Yikes! I haven’t written a new post in a while because my laptop is getting pretty busted. The screen has lines popping up every so often, and some of the keys are busted. In addition, one side of the screen detaches from the hinge of the laptop. I’m not going to post a picture of it out of sheer embarrassment. So when I was doing online searches for netbooks, I discovered something called “Cloud Computing.”
What the hell is that? Heaven’s internet café? Nah, it’s something many of us use without even realizing it. Cloud computing is basically using software that’s online and not installed on your computer. It would be something similar to comparing Gmail to Microsoft Outlook. Other sites like Facebook use this idea.
So whoop de doo.
Who gives a crap about this? The only reason why I bring this up is because I had no idea how much this is implemented on the internet. Also, the complete boringness of January is driving me up the wall and has me straining my brain to think of something to write about.
But there are some interesting things I wanted to mention about this cloud stuff. For one, gaming has really taken off. How many times do people buy CD-Rom games that have to get installed to a computer? I think times are really changing when it comes to games. Look at one of the most popular games online right now: Farmville. That is a game where all one has to do is go to the webpage and start playing right away. Games like Farmville uses Flash technology which has been around for a while, but developers are taking it to a frightening level. I visited a website called Quake Live, where you can actually deathmatch with others on your damn browser screen! That totally blew my mind. There is a small installation process, but it is very small and probably takes a minute. I noticed that all of my information on my player is saved online and I can play this game from anywhere that lets me connect to the site.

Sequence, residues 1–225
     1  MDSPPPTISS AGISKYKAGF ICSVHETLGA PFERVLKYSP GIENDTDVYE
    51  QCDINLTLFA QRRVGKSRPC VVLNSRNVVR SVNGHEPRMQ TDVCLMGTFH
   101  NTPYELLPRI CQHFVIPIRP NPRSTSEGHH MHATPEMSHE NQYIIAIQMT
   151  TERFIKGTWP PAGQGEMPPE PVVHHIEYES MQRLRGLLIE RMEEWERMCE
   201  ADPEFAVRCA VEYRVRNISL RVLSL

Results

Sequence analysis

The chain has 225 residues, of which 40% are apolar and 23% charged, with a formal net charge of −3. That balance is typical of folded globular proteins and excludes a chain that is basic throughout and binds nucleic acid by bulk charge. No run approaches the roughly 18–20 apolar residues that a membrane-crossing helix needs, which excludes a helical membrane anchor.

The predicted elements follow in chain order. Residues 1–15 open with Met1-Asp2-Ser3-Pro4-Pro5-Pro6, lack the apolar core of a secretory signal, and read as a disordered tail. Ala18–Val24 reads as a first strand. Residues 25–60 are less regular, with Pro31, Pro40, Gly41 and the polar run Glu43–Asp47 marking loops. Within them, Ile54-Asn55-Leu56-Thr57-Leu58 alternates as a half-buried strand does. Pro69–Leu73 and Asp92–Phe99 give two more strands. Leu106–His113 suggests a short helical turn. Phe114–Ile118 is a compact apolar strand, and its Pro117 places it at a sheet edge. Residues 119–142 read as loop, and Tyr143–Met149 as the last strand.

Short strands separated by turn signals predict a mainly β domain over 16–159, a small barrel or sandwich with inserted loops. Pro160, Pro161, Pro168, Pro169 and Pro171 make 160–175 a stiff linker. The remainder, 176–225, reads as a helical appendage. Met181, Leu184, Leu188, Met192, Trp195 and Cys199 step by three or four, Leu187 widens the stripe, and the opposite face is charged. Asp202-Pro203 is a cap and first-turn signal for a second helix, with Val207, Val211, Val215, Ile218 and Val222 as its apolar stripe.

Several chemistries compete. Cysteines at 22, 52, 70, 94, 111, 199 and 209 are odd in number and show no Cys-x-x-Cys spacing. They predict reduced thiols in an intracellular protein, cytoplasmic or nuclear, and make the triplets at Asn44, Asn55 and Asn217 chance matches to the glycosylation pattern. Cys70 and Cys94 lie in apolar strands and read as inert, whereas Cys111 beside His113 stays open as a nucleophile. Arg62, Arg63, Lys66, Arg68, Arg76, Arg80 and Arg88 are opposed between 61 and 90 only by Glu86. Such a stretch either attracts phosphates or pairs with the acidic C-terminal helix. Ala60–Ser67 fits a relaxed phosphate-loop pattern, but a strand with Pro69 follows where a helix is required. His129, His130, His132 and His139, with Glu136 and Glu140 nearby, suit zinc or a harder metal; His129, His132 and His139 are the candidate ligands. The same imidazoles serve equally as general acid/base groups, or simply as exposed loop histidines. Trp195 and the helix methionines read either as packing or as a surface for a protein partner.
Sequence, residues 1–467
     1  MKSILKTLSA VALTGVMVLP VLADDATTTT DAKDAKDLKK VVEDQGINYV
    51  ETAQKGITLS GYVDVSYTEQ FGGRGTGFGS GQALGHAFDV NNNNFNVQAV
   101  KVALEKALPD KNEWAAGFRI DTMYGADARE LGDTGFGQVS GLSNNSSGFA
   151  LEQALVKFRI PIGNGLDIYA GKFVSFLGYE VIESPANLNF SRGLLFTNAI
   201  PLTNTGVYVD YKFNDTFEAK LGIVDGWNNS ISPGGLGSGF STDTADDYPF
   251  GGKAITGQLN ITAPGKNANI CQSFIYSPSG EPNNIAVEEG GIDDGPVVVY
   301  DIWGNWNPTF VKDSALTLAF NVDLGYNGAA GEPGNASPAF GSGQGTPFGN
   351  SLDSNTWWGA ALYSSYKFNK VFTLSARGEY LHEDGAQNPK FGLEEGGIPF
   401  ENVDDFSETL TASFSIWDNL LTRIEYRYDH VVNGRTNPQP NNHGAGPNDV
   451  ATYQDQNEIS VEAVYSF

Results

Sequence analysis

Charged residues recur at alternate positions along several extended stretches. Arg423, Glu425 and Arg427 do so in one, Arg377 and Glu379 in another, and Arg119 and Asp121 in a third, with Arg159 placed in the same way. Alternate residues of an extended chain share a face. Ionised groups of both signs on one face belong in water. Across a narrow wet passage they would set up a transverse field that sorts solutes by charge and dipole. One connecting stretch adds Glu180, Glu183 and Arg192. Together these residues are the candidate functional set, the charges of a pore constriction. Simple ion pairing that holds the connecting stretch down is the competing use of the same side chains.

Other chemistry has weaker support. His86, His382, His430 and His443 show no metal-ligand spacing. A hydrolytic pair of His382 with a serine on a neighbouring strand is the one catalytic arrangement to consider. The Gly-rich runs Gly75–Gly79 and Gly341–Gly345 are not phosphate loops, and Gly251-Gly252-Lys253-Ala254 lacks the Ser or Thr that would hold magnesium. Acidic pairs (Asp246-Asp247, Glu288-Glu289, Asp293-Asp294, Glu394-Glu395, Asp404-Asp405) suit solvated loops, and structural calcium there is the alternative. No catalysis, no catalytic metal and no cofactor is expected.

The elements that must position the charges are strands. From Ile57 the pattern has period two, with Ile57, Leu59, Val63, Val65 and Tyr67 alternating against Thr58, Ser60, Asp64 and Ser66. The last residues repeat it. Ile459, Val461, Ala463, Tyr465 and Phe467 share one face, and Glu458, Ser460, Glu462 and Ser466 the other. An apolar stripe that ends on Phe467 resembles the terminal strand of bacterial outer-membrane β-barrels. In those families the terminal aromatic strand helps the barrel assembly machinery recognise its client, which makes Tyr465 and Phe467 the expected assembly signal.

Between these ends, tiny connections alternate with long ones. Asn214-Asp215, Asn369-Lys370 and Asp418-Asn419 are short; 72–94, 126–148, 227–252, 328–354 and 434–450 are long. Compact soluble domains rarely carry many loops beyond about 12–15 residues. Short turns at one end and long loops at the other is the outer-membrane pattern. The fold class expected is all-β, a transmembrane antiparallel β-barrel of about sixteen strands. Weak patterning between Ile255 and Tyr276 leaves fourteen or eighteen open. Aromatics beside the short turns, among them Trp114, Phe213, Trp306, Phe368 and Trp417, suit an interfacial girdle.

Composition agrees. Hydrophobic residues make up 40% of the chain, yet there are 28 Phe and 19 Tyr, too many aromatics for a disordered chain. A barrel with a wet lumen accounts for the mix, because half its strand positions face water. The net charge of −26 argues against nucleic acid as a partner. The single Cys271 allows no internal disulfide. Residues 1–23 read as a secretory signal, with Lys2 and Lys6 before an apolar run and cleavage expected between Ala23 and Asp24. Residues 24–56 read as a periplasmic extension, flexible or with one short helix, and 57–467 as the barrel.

Holy crap! I’m playing this on FireFox! Or Internet Explorer! Or Chrome…
I think stuff like that is where cloud computing comes in handy. Your information is stored online to access wherever there is internet service. Another online service that I found useful is Dropbox.com. You can sign up for 2 gigs of free space online. The cool part is that you can select certain folders on your computer and anything you save or alter in those folders will automatically sync to your online, encrypted files. This will so totally come in handy with my college papers. Then, you can check your files through a web browser, or another computer can be synced to the account. If you have more than one computer, the files will be automatically shared between them. USB drives will eventually become useless.
I barely scratched the surface with cloud computing. With wifi access expanding constantly, web applications will probably take over hard drives in the not too distant future…in a good way. Not in a “locking people out of computers and launching nuclear missiles” way.